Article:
A new leveling mechanic, known as the Stat Matrix, has also been introduced, combining the Panel system from 358/2 Days with the Sphere Grid from Final Fantasy X for what, in my opinion, is the series’ deepest system of character growth yet. As you complete missions and earn experience and loot by defeating heartless, you collect chips to install on the Stat Matrix, a circuit board of sorts set up like a board game with different paths to follow in order to unlock new abilities and accessory slots. When you level up, you are given a chip that must be placed on the Matrix for the benefits to be applied, and other chips can be used to increase character stats, such as HP, strength, defense, luck, and various magic bonuses / resistances.

For what it’s worth, Re:coded is loaded with replayable content, too. It can be tough to work up the drive to replay the same levels over and over again, but once you’ve completed the main quest, which should take you a minimum of 15 hours, you can go back to previous worlds to take on new side missions, continue to build Data-Sora’s Stat Matrix by replaying system sector challenges, and face off against bosses in Score Attack mode. And supposedly, by earning a certain number of the game’s optional trophy accomplishments, there is an unlockable bonus movie leading into the upcoming 3DS game, Dream Drop Distance, but I’m still a few trophies shy of unlocking it myself.

If all you crave is more Kingdom Hearts, and the mere promise of more fun, varied action-RPG gameplay is enough to scratch your Disney-meets-Final Fantasy itch, Re:coded will surely entertain. But personally, I’ve reached a point where I want more from Kingdom Hearts than a constant stream of spin-offs that retread the same plot points within the exact same Disney worlds, and only reward you with one small story revelation at the very end. If you’re in the same boat, you’ll enjoy your time with this game, but ultimately it will leave you feeling unsatisfied.


+ Typically fun keyblade combat
+ Varied gameplay styles provide a needed twist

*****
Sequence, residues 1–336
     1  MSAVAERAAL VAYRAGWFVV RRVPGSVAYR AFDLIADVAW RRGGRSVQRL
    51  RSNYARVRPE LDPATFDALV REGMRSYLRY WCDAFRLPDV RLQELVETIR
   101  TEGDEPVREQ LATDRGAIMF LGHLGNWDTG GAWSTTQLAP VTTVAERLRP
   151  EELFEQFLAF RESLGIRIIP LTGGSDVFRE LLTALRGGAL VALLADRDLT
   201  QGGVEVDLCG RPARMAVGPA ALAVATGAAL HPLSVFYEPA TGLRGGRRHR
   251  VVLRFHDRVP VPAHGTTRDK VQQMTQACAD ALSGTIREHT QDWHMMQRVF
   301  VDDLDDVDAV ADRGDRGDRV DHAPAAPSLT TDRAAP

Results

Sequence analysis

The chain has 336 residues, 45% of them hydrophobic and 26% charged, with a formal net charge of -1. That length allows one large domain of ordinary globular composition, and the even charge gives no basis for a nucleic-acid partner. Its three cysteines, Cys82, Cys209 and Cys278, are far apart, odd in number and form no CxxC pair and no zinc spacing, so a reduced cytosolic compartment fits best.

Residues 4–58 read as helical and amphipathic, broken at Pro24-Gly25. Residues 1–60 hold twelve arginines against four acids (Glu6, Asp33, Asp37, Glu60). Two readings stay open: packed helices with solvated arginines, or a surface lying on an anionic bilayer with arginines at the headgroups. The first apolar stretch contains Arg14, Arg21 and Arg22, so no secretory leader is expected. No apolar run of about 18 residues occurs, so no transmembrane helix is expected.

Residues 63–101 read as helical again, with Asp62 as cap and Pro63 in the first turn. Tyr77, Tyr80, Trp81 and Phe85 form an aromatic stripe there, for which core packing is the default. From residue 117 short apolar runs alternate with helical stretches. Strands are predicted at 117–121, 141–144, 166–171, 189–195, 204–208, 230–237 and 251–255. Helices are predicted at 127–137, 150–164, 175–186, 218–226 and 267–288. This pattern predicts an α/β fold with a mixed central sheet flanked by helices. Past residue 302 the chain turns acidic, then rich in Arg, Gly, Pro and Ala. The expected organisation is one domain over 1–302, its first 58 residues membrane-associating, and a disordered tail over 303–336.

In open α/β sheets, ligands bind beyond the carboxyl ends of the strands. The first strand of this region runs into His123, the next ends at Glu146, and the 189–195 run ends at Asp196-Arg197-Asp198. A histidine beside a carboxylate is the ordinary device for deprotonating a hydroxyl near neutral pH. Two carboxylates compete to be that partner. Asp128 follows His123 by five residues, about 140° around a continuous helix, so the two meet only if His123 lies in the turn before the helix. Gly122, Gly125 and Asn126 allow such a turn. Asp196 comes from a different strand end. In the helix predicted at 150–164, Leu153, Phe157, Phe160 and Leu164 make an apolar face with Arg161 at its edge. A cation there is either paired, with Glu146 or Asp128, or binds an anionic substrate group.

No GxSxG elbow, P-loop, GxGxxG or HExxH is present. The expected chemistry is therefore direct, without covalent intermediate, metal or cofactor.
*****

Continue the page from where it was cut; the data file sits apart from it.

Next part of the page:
+ Stat Matrix brings added character growth depth
+ Long game with good replayability options

– Story is a shallow retread on old plot threads until the very end
– Recycles the same Disney worlds for the umpteenth time with no new sights to see
– Twitchy camera system requires constant adjustment

Game Info:
Platform: Nintendo DS
Publisher: Square Enix
Developer: Square Enix
Release Date: 1/11/2011
Genre: Action-RPG
ESRB Rating: E10+
Players: 1 (Tag Mode allows trading customized avatars and maps with up to four players)
Source: Review copy provided by publisher

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About the Author

Matt Litten is the full-time editor and owner of He is responsible for maintaining the day to day operation of the site, editing all staff content before it is published, and contributing regular news, reviews, previews and other articles. Matt landed his first gig in the video game review business writing for the now-defunct website After the sad and untimely close of BonusStage, the former staff went on to found After a short stint as US Site Manager for AceGamez, Matt assumed full ownership over VGBlogger, and to this day he is dedicated to making it one of the top video game blogs in all the blogosphere. Matt is a fair-minded reviewer and lover of games of all platforms and types, big or small, hyped or niche, big-budget or indie. But that doesn't mean he will let poor games slide without a good thrashing when necessary!